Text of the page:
Pink Panther director Blake Edwards dies

BLAKE Edwards, the director and writer known for clever dialogue, and belly-laugh gags in Breakfast at Tiffany’s, 10, and the Pink Panther farces, has died aged 88.

Edwards died from complications of pneumonia at St John’s Health Centre in Santa Monica, said publicist Gene Schwam.

Blake’s wife, Julie Andrews, and other family members were at his side.

He had been hospitalised for about two weeks.

Edwards had knee problems, had undergone unsuccessful procedures and was “pretty much confined to a wheelchair for the last year-and-a-half or two,” Schwam said.

That may have contributed to his condition, he added.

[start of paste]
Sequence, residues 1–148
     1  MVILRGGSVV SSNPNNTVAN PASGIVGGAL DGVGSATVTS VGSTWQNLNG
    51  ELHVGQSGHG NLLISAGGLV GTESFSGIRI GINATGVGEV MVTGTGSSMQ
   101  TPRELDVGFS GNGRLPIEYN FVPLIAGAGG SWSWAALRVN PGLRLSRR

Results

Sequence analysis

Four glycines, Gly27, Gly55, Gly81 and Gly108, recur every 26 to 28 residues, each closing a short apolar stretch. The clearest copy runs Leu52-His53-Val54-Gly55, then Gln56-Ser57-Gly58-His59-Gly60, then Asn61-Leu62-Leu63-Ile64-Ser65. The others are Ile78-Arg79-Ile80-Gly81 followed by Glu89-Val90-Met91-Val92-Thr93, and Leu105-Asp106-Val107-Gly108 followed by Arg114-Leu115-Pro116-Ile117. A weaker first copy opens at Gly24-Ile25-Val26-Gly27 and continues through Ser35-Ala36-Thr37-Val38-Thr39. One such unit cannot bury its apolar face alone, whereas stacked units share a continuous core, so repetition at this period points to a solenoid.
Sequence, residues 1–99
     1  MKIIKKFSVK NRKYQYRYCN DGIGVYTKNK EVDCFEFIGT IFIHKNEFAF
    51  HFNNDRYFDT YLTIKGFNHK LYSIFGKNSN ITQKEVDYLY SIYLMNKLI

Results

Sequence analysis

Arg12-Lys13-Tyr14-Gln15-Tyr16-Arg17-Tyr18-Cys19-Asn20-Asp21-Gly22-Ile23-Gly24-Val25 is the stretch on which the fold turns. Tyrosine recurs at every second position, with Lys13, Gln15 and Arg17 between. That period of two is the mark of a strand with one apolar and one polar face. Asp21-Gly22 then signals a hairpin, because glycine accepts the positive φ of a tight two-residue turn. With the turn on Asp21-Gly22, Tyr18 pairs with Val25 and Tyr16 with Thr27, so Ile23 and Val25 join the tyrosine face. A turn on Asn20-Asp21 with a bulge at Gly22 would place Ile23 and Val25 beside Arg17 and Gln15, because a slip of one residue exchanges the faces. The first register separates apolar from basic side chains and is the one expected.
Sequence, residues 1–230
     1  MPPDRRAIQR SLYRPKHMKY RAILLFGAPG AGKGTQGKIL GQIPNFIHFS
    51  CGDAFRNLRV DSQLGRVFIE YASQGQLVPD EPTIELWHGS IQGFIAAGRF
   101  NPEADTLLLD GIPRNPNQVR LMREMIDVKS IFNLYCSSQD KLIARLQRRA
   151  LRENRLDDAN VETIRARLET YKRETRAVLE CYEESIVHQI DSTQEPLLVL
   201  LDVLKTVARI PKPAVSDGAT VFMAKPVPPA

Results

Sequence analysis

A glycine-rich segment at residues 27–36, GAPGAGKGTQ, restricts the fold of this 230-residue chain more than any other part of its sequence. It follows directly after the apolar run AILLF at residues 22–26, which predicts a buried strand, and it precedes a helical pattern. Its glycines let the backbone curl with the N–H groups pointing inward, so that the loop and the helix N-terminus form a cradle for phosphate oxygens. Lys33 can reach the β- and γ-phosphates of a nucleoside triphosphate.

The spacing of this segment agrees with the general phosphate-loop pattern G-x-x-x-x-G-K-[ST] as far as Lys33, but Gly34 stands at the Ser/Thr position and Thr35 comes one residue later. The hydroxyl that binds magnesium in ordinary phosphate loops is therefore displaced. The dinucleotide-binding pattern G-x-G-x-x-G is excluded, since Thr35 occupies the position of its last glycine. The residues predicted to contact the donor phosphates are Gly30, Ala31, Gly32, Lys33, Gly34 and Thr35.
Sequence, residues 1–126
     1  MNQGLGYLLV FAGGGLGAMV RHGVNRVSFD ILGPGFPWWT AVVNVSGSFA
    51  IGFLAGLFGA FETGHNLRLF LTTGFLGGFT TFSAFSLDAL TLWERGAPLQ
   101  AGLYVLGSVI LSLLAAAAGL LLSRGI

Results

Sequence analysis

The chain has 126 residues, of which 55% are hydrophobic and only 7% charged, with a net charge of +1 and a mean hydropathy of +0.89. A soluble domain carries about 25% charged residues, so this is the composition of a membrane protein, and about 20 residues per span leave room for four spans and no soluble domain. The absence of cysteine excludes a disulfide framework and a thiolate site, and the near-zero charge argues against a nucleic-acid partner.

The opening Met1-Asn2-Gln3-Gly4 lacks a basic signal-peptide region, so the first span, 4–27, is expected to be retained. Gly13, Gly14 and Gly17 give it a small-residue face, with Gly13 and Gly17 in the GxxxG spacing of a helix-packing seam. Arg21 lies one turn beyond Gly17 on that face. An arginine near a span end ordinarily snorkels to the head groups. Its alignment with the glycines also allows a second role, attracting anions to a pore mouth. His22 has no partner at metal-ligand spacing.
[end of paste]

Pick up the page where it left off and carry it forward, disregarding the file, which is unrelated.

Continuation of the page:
At the time of his death, Edwards was working on two Broadway musicals, one based on the Pink Panther movies. The other, Big Rosemary, was to be an original comedy set during Prohibition, Schwam said.

“His heart was as big as his talent. He was an Academy Award winner in all respects,” said Schwam, who knew him for 40 years. A third-generation filmmaker, Edwards was praised for evoking classic performances from Jack Lemmon, Audrey Hepburn, Peter Sellers, Dudley Moore, Lee Remick and Andrews, his wife of nearly half a century.

He directed and often wrote a wide variety of movies including Days of Wine and Roses and Victor/Victoria.

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